Live games have become a way of life for some people. They’re an attractive solution for people who don’t want to spend £40 every few weeks to play something new. I know I’m deep into at least three right now. It’s a style of games that lives and dies by how closely the developers monitor their player base and react to them accordingly. The trick is to sometimes do what you think is right and not what everyone is telling you to do.
I’ve made my feelings about Destiny abundantly clear on this blog over the years, and I more recently wrote a piece on Apex Legends, which has got its talons into me. With these games, it’s easy to determine their state of being in hindsight, often represented by a roller coaster like collection of ups and downs.
There was a point where Overwatch was my favourite, and then there was a five month spell where I never wanted to play the game again. I had become tired of the toxic side of the community, the player’s lack of willingness to play for one another and a general burn out.
It felt stagnant to me, playing it became like a chore. Especially when playing it made me feel like a desperate parent, scrambling around after children who refused play by the rules. Never did I expect Blizzard’s introduction role queue to be the breath of fresh air I never knew I wanted.
To put it simply, The Overwatch team have implemented a system into competitive, which they’re currently testing in beta. Players chose which role they want to fulfil before the game; either damage, tank or support. Then once they join a game, they’re locked into that role. Thus every team has a makeup of 2/2/2.
The move is a divisive one, of which I can understand both sides. Part of what made Overwatch so attractive when it first came out was taking all of these characters and finding new and creative ways in which they can synergise.
It made for a game of endless possibilities of potential new strategies and approaches… in theory at least anyway. While 2/2/2 does inherently hinder the creativity and spontaneity that well organised teams can use to throw their opponents for a loop. That’s not the experience that 90% of the player-base end up having.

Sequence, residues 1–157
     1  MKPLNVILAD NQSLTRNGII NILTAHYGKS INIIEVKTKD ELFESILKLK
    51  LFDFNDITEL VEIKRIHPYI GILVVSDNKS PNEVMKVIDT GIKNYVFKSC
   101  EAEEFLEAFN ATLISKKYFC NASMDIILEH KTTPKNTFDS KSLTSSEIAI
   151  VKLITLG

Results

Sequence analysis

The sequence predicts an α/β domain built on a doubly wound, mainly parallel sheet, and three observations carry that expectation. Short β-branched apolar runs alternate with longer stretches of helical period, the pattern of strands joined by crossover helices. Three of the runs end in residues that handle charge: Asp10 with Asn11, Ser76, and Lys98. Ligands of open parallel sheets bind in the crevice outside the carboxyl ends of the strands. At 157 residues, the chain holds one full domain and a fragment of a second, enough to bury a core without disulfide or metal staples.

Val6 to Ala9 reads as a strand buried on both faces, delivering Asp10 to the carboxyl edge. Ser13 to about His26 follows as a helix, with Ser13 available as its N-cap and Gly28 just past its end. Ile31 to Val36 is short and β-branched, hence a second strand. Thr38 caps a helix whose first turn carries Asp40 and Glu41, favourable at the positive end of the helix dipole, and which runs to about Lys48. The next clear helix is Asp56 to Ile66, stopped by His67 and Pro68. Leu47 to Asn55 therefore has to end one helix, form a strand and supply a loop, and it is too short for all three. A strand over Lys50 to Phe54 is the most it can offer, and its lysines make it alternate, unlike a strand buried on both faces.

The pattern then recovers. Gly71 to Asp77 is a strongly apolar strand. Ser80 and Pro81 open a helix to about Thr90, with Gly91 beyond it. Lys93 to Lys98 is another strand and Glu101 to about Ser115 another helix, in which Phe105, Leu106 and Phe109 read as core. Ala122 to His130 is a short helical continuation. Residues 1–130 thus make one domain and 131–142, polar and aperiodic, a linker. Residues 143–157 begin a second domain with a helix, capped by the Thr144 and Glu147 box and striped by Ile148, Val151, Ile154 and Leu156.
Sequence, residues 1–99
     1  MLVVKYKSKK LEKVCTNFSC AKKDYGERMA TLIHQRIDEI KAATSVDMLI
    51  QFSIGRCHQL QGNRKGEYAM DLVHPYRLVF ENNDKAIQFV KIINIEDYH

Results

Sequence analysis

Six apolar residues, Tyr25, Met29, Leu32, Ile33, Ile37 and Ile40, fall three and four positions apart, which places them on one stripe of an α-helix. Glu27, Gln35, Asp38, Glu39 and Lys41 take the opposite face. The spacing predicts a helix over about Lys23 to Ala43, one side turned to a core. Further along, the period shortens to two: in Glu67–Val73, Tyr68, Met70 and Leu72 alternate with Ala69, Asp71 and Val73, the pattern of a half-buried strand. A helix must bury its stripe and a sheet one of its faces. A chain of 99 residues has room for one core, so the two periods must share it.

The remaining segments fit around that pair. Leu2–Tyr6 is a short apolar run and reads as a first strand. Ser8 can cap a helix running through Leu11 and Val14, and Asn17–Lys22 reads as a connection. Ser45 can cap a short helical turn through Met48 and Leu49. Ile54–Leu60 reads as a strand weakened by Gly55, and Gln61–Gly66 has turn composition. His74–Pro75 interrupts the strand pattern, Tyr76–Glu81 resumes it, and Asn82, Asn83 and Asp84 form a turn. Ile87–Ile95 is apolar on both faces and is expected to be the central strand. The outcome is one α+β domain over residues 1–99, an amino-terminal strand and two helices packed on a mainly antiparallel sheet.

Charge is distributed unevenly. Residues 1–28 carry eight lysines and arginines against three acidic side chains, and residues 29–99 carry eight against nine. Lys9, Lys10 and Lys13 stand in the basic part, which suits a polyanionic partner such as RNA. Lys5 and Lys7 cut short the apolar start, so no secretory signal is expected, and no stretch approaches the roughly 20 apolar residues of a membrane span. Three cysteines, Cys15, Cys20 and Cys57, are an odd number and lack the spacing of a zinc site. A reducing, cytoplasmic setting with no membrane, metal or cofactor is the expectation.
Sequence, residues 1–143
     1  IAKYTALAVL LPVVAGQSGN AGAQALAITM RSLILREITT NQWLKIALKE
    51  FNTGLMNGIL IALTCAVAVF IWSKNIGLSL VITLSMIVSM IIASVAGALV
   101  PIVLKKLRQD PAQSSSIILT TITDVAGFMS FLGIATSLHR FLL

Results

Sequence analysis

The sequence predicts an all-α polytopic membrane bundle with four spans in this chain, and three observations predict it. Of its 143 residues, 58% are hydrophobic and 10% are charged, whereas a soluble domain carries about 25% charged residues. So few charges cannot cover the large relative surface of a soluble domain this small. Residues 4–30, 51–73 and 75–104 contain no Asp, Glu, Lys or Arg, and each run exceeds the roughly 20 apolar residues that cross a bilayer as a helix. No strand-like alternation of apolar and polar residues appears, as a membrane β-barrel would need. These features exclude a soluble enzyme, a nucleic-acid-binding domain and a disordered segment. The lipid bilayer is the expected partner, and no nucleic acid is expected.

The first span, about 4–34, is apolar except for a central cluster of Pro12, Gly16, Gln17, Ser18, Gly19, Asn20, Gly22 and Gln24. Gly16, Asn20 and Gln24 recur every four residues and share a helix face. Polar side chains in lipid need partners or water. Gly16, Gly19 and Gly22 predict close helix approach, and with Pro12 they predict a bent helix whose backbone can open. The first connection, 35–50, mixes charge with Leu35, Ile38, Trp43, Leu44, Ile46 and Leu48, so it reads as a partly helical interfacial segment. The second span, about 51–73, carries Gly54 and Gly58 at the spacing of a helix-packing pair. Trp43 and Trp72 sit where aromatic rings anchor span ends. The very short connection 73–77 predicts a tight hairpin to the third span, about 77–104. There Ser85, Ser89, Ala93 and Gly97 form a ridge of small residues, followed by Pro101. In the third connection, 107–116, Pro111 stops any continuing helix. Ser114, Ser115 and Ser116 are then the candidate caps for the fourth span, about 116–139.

Arguing for the romanticised version of the game is all well and good, but most of us end up playing the game solo, or at least in smaller groups of two or three. In which cases, you end up fighting against your own team as much as you’re fighting the opposition. With people switching roles on the fly, unbalancing the team and throwing off your team mates who often find themselves having to chance as a result.
The introduction of 2/2/2 serves two roles as far as I can see. The first is to stop boring, dominant metas from ruling the professional scene. GOATS being the prime example. But it’s also a sign that Overwatch Team have finally released that the general player base cannot be trusted to play the game as they intended it.
From my personal experience, the introduction of the role queue is one of the best changes made to Overwatch since getting rid of Mercy’s big Rez. As a flexible player, I was happy to play a hero in any role and work around what my team needed. At an increasing rate, this would turn to frustration as I’d find myself being the sole tank or sole support on a team, unable to keep up with the task on my own.
Or in games where things don’t seem to be going our ways and both supports decide they can do a better job at damage, and you suddenly find yourself with 4/5 damage dealers and no healers. The fact that this cannot happen anymore has breathed new life into the game for me.
Always being a part of a well balanced team means that you don’t get people throwing anywhere near as often. Additionally, it means people are actually getting better and learning their roles rather than giving up on them seeing as how they’re locked into them. More than once I’ve been in a game going very badly, which would have previously seen people all switching to DPS.
However, this time people simply switched heroes, within their role and we managed to turn it around while still keeping our team a coherent unit. The game has become more open and less about stalling, less about cheesy tactics and more about player skill.
People will argue that the change stifles the creativity of the game. But if we’re being real, that only really applies to the top level players, the vast majority of us are nowhere near that level, and at the scrubby level we play at; asshole management is a much more pressing issue than allowing for a 6 dps rush strat.